Floyd Dixon

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For the American football player see Floyd Dixon (American football)
Floyd Dixon
Birth name Jay Riggins, Jr.
Born (1929-02-08)February 8, 1929
Marshall, Texas, United States
Died July 26, 2006(2006-07-26) (aged 77)
Orange County, California, United States
Genres Rhythm and blues, Texas blues, West Coast blues
Occupations Pianist, singer
Instruments Piano
Years active 1949–2006
Labels Various

Floyd Dixon (February 8, 1929 – July 26, 2006)[1] was an American rhythm and blues pianist and singer.

Life and career[edit]

Dixon was born Jay Riggins, Jr. in Marshall, Texas, United States.[1] He was influenced by blues, gospel, jazz and country music growing up. His family moved to Los Angeles, California in 1942 and Dixon met his influence Charles Brown there.[1]

Self-dubbed "Mr. Magnificent," Dixon signed a recording contract with Modern Records in 1949, specializing in jump blues and sexualized songs like "Red Cherries", "Wine Wine Wine", "Too Much Jelly Roll" and "Baby Let's Go Down to The Woods". Dixon replaced Brown on piano and vocals in the band Johnny Moore's Three Blazers in 1950 when Brown departed to start a solo career. The group recorded on Aladdin Records.[2] Staying with the record label, Dixon had a small hit under his own name in 1952 with "Call Operator 210".[2]

Dixon switched to the Specialty Records label in 1952, and the Atlantic Records subsidiary Cat Records in 1954. "Hey Bartender" (later covered by The Blues Brothers) and "Hole In The Wall" were hit singles during this time.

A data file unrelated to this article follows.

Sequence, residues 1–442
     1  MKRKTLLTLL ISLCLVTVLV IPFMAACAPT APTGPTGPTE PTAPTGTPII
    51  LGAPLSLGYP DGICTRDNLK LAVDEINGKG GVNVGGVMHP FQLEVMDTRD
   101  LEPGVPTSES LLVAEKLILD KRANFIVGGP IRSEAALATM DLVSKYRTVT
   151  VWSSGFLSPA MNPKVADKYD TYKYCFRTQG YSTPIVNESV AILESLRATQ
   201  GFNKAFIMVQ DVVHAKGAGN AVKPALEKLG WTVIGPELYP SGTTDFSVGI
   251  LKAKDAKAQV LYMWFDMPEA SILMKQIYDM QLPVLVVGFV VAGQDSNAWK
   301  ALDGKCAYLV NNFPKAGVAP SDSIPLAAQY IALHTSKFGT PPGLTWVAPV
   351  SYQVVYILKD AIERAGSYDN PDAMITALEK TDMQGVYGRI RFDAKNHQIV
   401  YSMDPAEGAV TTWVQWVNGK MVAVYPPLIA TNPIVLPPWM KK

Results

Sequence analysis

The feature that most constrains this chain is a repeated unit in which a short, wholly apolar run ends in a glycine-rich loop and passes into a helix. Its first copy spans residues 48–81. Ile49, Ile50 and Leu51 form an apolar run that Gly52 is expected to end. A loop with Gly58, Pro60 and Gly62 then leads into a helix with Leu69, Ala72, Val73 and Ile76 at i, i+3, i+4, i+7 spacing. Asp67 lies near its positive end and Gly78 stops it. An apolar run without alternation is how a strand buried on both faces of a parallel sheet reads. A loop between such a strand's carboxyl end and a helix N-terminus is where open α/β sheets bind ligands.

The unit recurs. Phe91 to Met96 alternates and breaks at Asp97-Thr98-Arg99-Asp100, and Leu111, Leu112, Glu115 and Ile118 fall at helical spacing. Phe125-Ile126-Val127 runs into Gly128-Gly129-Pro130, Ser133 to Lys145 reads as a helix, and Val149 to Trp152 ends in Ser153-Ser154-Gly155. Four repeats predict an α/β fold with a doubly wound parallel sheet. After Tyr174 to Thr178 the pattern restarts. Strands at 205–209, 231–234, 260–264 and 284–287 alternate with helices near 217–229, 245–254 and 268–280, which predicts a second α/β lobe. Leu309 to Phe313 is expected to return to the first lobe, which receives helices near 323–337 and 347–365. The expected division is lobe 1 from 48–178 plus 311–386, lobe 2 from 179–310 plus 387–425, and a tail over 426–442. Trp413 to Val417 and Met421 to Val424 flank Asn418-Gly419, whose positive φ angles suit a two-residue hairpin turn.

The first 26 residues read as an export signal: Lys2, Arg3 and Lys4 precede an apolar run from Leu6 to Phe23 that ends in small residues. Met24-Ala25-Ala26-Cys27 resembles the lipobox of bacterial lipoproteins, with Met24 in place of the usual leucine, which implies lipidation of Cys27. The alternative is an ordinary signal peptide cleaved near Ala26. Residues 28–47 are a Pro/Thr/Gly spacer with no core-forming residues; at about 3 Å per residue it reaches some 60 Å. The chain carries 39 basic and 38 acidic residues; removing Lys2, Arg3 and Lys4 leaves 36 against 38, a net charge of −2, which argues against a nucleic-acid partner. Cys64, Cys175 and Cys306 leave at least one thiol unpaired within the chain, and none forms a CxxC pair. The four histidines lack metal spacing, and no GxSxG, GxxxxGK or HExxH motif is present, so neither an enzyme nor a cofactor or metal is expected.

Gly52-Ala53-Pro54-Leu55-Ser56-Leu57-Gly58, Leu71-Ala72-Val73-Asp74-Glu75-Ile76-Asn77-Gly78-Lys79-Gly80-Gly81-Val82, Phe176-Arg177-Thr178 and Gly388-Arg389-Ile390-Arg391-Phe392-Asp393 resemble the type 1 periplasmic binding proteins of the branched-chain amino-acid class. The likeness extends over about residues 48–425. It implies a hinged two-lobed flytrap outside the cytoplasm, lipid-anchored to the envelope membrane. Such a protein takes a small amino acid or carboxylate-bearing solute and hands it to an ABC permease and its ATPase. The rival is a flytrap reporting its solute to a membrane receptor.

In the 1970s Dixon left the music industry for a quieter life in Texas, though he did occasional tours in the 1970s and 1980s.[2] In 1984 he was commissioned to write "Olympic Blues" for the 1984 Summer Olympics.[1]

In 1993, Dixon received a Pioneer Award from the Rhythm and Blues Foundation.[1] In the mid-1990s, he secured a contract with Alligator Records, releasing the critically acclaimed album, Wake Up And Live.[1]

On June 1 and 2, 2006, Dixon hosted a concert with Pinetop Perkins and Henry Gray, celebrating the intergenerational aspect of blues piano. The band was led by Kid Ramos and included Larry Taylor and Richard "Bigfoot" Innes. Kim Wilson, Fred Kaplan (from the Hollywood Blue Flames) and Lynwood Slim also performed. This concert was filmed and was released March 6 2013 on HighJohn Records.[3]

Dixon died in Orange County, California in July 2006, at the age of 77, from kidney failure, having suffered with cancer.[1] A public memorial service was held at Grace Chapel, in the grounds of the Inglewood Park Cemetery.

See also[edit]

References[edit]

  1. ^ a b c d e f g "Biography by Jason Ankeny". Allmusic.com. Retrieved June 1, 2009. 
  2. ^ a b c Russell, Tony (1997). The Blues - From Robert Johnson to Robert Cray. Dubai: Carlton Books Limited. pp. 106–107. ISBN 1-85868-255-X. 
  3. ^ "Highjohn Records LLC - Home". Highjohn.com. Retrieved 2012-12-06. 

External links[edit]